Annulments in Arizona

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Annulments look so easy on TV: You’ve been married a short while, realize you’ve made a mistake, get an annulment, and the next day, you’re no longer married.

Annulments don’t work like that in real life. There is so much misinformation surrounding annulments that the best way to explain is to dispel some of these myths:

Myth #1: If you have a marriage of short duration, you can get an annulment.

The truth: Annulments are only available when the marriage itself is
“void of voidable;” i.e., the marriage is defective. That means you have to have a reason for why the marriage was not valid in the first place.

Some common examples of grounds for an annulment are that one of the spouses was already married, one of the spouses was tricked into marrying the other spouse, one of the spouses lacked the mental capacity to marry, the parties did not intend to get married, one of the spouses was too young to marry, the spouses are first cousins under the age of 65, or one of the spouses refused to consummate the marriage.

Legally, the length of the marriage technically doesn’t matter, but realistically, it matters. Judges are more likely to annul a shorter marriage than a longer one. That means the longer you wait to start annulment proceedings, the less likely you are to be granted one.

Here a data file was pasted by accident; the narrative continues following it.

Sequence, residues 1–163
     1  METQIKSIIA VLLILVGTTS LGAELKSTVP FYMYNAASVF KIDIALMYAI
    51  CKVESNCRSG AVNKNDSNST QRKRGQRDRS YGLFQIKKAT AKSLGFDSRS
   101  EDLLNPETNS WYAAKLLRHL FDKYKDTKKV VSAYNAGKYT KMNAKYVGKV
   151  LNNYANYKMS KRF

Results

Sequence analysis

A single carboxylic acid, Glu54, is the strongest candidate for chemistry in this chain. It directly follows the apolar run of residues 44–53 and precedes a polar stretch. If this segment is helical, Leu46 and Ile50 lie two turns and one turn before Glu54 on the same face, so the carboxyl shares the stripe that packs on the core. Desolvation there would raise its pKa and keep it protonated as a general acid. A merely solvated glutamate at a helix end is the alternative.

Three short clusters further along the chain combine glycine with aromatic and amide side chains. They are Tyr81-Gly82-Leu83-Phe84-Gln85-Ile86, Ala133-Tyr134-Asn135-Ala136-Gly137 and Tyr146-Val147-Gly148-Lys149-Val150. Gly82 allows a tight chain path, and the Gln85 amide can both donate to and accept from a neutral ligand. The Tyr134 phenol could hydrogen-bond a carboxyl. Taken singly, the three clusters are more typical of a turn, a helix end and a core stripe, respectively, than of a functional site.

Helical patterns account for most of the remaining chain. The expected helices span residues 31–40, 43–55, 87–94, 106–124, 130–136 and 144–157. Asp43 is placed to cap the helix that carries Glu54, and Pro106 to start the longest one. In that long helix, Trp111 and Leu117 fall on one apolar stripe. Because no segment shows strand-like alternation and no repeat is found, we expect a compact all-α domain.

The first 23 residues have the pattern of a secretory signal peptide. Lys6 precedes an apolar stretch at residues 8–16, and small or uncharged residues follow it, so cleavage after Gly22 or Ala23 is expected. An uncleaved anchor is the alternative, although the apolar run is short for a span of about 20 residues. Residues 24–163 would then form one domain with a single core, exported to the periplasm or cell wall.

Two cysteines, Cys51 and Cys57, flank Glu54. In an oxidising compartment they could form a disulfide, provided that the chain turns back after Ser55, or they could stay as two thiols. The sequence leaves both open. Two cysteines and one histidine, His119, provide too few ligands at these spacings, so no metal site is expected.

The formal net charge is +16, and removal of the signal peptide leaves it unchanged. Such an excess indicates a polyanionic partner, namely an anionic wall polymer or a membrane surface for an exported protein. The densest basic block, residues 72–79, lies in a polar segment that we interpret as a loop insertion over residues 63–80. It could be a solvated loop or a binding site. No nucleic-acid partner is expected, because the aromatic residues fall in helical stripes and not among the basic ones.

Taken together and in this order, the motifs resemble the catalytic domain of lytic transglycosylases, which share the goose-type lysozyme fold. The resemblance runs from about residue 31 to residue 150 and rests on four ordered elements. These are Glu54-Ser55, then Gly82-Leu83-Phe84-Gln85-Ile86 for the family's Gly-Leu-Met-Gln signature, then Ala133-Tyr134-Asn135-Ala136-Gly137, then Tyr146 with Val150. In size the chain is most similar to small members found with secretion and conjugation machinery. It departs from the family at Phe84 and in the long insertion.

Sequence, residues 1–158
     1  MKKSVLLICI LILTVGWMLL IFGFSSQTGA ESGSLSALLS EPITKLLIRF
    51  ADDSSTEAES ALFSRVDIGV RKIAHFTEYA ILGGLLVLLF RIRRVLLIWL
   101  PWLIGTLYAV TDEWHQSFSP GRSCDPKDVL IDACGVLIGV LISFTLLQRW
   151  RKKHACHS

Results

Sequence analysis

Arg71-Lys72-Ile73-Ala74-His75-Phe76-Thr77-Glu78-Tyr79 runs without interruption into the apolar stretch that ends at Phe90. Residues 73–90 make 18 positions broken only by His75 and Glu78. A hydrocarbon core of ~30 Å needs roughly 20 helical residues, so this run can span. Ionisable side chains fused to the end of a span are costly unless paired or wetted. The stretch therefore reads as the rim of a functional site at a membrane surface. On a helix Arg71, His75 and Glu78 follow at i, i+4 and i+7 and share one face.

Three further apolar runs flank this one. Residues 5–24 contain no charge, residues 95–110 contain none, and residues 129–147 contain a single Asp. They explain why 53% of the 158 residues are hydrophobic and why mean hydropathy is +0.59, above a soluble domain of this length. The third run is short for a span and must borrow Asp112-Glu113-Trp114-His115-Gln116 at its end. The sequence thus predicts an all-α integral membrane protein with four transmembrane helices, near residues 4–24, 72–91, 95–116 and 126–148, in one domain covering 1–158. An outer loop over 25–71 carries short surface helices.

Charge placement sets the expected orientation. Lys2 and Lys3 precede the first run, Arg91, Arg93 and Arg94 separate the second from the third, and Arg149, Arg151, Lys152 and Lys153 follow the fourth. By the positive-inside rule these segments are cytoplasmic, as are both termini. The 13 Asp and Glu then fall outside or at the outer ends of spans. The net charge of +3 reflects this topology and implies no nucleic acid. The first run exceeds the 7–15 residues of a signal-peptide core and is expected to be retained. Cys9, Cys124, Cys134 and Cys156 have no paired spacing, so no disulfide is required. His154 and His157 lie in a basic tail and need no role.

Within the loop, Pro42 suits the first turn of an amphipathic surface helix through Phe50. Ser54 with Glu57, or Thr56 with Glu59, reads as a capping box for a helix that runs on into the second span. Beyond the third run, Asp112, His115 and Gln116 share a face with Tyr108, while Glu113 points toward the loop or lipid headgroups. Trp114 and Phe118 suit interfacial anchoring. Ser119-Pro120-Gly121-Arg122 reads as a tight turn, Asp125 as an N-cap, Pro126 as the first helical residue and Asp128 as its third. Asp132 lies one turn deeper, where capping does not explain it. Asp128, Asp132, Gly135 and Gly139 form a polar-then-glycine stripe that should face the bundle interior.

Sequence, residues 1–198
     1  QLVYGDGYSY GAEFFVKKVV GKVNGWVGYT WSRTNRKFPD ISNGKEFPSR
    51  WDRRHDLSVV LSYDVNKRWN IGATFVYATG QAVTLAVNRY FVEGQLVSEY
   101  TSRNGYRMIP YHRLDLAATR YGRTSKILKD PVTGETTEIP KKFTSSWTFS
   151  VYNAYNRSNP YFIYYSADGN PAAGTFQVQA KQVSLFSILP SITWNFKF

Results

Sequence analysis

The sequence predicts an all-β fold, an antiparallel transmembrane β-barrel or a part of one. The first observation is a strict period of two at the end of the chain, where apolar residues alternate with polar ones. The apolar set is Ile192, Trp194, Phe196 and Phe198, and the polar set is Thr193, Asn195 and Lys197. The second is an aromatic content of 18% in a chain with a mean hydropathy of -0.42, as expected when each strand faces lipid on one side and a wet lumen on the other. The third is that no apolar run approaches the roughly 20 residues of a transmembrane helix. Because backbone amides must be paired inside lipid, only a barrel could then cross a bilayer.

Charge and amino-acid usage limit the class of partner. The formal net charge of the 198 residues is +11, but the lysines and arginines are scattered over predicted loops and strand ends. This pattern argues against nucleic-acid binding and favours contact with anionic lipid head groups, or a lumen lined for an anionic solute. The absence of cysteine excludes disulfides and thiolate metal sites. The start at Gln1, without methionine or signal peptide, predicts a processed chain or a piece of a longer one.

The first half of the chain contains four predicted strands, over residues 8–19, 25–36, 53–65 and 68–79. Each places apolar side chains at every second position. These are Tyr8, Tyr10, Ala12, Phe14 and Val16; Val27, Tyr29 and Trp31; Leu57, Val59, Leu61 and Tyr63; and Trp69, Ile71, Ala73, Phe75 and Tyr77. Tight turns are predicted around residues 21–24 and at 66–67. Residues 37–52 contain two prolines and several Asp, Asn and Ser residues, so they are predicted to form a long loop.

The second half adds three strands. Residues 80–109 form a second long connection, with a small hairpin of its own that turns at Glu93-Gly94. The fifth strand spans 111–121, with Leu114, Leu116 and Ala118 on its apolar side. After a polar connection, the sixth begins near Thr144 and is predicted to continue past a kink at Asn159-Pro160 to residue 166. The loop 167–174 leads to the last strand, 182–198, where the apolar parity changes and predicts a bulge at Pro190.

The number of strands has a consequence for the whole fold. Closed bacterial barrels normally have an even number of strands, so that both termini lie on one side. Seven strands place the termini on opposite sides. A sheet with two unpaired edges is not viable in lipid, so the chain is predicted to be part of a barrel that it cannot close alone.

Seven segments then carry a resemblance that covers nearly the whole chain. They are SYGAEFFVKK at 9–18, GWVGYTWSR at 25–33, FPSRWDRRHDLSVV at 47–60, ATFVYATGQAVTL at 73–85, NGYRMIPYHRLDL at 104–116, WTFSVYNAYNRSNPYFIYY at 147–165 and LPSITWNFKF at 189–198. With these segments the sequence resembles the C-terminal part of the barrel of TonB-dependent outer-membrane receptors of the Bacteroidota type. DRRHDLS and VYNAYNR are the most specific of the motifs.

Validity of marriage: If you have questions about whether you have a valid marriage, you should meet with an attorney. Briefly, here are a few principles regarding the validity of a marriage:

  • A marriage that is valid where it took place is valid in Arizona unless recognizing the marriage violates public policy (e.g., if two first cousins got married in a state where it was legal, Arizona would not recognize that marriage because first cousins marrying is illegal in Arizona, with some exceptions).
  • A marriage that was not valid where it took place may be recognized as valid in Arizona if the marriage would have been valid under Arizona law.
  • If the person marrying the couple lacked the authority to do so, the marriage may still be valid if one party believed the officiant had the authority to perform the marriage.

Myth #2: If you get your marriage annulled, there is no community property to be divided.

The truth: Property acquired by either spouse during a marriage is community proper. The annulment does not change that.

In accordance with A.R.S. § 25-302(B), Court must divide the property in the marital community as part of the annulment.

That’s not such a big deal if you’re annulling a marriage of couple months or even a year, but if you’re annulling a marriage of five years or more, it can be complicated.

Myth #3: You can get an annulment even if you just moved to Arizona.

The truth: An annulment has the same requirements as a divorce: At least one party must live in Arizona for 90 days prior to filing.

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